Yearbook’s Resilience to “Capture the Moments” Despite Virtual School


Shea McIntyre

As students grow excited for the final edits to be made to the 2021 edition of the Green Hope Talon. Pictured are past editions of the Green Hope Talon yearbook. Years 2020, 2019, 2018, and 2017 pictured.

Shea McIntyre

Toward the conclusion of every school year, students are given the book form of that year in photos from August to May. It’s where students survey the familiar faces photographed and write those quintessential “H.A.G.S” or “have a good summer” messages. But, with most students learning from home, how does the yearbook encapsulate the collaborative energy of high school when typical student sections, morning parking lot traffic, and the excitement of the weekend have all gone virtual?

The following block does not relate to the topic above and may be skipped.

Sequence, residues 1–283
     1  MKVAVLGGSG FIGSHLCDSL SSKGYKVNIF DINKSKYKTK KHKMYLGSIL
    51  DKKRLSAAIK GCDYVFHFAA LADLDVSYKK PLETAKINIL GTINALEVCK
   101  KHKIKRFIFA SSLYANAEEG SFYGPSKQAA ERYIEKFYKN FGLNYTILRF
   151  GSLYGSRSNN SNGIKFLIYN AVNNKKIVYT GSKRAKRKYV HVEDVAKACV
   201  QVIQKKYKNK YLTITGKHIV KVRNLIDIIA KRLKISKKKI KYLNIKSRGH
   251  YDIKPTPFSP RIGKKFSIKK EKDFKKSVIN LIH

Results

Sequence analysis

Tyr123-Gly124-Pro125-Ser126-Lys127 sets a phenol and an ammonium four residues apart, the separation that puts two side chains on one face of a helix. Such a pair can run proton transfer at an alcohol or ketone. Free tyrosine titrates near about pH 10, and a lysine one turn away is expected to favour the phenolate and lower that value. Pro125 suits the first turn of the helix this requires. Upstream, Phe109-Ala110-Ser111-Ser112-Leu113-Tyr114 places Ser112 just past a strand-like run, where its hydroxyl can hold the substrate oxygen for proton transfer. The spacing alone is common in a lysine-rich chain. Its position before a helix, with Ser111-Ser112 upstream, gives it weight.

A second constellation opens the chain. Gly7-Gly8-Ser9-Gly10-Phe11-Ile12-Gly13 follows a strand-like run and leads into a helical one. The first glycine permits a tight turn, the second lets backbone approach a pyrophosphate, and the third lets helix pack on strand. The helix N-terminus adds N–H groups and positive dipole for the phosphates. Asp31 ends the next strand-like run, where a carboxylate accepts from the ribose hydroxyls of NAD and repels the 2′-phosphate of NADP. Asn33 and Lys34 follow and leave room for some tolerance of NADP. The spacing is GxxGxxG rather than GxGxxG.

Yearbook staffers are often overlooked for their unhinged efforts to truly depict the students and teachers in just under 400 pages. Taking a closer look at their new, modified strategies to represent the 2020-21 school year, members of The Green Hope Talon detailed the new methods they’ve implemented to still focus (no pun intended) on the students. 

Green Hope’s 2020, 2019, and 2018 yearbooks featured. With 2021’s school year soon to conclude, students are eager to see this year’s edition of senior portraits, and class photographs (as pictured in past books above). (Shea McIntyre)